Prime Minister Manmohan Singh’s much-hyped press conference in New Delhi’s Vigyan Bhavan on May 24,on the occasion of the completion of his first year in office in his second term, was an unmitigated disaster.
Singh, who will turn 78 on September 26, was never known for his oratory. So no wisecracks, witty, humorous quotable quotes were expected of him. And none came. His demeanor was no betterand in fact his reflexes were visibly slower. Several times he asked the questioner to repeat the question, and on one occasion, the economist prime minister said ‘one billion dollars’and seconds later corrected himself with ‘one billion people’in referenceto the population of India. The press conference was a disaster for state-controlled TV Doordarshan too,with its live telecast of the event interrupted by a blackout of several minutes.
However, Singh’s press conference will be remembered mostbecause of a shockingly poor performance from the members of the fourth estate. At every annual press conference forthe prime minister, the ground rules are circulated before the event. These rules make it clear that a questioner cannot ask any supplementary questions, meaningthat the journalists were expected to ask pithy, probing questions. Yet most meandered through long-winded, poorly-worded questions that lacked any sting at all. This had a comforting effect on Singh,who started off a little bit unsure of himself, but whose confidence grew quickly as journalists put tepid, unfocused questions.
The first question, from a senior Hindi journalist who began on the right note, wasa classic example. He asked what the government was doing to contain price rises, a burning issue in India for months and on which the opposition has hauled the Singh government over the coalsfor, in and outside parliament. Indeed, the questioner came up with a master stroke when he said ‘How is it, and why is it, that while in earlier Congress governments, the prices of essential commodities would start falling immediately after a Minister assured the government’s intervention, this time nothing of the sort is happening?’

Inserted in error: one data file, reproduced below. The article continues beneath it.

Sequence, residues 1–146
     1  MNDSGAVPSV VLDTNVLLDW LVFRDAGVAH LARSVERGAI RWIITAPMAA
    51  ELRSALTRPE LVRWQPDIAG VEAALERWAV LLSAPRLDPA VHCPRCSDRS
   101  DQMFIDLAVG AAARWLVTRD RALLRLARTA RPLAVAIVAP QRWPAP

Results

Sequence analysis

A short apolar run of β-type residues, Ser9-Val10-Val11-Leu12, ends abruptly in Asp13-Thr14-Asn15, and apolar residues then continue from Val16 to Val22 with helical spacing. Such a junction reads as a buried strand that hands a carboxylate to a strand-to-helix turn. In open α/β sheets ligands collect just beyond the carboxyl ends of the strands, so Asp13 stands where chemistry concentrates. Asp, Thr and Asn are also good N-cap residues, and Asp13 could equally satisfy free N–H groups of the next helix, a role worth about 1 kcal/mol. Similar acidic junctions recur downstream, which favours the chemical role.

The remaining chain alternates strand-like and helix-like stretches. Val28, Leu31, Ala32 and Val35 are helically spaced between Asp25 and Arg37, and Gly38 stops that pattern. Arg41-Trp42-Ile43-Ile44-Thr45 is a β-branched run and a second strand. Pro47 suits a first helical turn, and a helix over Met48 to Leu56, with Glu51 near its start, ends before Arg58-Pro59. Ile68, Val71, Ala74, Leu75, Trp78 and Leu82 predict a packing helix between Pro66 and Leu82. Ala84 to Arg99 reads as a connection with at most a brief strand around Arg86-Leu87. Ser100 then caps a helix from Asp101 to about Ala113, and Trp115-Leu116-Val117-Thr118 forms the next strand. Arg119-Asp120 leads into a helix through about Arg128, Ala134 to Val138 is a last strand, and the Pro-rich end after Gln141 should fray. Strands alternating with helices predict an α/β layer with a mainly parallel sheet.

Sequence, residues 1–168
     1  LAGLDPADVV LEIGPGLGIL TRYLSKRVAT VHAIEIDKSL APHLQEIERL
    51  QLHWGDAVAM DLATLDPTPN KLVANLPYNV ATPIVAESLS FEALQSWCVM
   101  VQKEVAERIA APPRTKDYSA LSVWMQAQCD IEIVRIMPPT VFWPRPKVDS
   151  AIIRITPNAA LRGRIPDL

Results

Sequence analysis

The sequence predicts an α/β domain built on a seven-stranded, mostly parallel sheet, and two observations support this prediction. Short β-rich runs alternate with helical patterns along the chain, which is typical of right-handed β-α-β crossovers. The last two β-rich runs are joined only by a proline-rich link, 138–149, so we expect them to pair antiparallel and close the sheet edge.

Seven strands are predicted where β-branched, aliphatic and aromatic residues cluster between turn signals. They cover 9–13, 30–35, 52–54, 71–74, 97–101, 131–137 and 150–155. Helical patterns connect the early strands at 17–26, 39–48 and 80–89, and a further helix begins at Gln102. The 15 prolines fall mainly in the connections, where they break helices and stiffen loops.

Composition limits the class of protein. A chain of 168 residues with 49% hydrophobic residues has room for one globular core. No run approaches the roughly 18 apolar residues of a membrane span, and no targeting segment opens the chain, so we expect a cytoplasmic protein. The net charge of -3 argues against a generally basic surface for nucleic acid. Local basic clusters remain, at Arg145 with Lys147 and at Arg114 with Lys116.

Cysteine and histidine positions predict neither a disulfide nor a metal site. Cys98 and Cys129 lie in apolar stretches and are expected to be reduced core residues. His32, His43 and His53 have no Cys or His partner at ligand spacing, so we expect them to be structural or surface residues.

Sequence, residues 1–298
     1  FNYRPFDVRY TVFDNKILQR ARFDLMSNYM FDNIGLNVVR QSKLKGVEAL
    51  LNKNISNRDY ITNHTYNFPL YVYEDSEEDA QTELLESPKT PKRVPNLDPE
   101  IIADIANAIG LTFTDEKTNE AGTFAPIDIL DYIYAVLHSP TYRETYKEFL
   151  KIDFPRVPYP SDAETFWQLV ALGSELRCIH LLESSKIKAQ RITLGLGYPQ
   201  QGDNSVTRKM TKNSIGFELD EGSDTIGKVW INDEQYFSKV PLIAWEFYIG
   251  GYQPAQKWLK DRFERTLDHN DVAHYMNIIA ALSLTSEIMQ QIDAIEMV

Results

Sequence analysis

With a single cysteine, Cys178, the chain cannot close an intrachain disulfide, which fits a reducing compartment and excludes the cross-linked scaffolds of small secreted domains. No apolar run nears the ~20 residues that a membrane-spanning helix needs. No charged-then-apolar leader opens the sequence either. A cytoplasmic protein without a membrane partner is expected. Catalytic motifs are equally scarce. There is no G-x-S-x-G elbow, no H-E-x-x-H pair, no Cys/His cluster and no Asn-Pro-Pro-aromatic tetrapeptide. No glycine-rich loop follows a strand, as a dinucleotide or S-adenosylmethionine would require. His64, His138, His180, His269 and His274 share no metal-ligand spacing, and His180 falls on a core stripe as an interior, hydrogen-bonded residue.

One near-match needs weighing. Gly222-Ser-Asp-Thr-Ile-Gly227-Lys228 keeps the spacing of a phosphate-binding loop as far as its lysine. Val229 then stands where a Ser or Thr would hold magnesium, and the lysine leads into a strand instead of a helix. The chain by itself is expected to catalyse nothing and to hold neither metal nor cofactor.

He should have stopped there, but he diluted the whole impact by asking the second part of his question,seeking the prime minister’s comment on the state of the national economy. Singh seized the opportunity and gave an elaborate answer describing how the Indian economy was doing well. The price rise question was thus eclipsed by a general, omnibus question on the economy. Imagine Japanese Prime Minister Yukio Hatoyama being asked to give his take on Japan-US relations instead of a pointed question on the raging controversy regarding relocation of the Futenma air base.
Some questions were downright pathetic. Sample this. One journalist asked: ‘You have two women advisors—one your wife Gursharan Kaur and another Congress President Sonia Gandhi. Whose advice you value more?’
As expected, Singh handled the question with ease and said he was ‘privileged’ to have advice from the two women and that he welcomed both the women’s advice. In conclusion, most questions from Indian journalists were toothless, be it economy, politics or India-Pak relations. The questions were predictable—and so were the answers.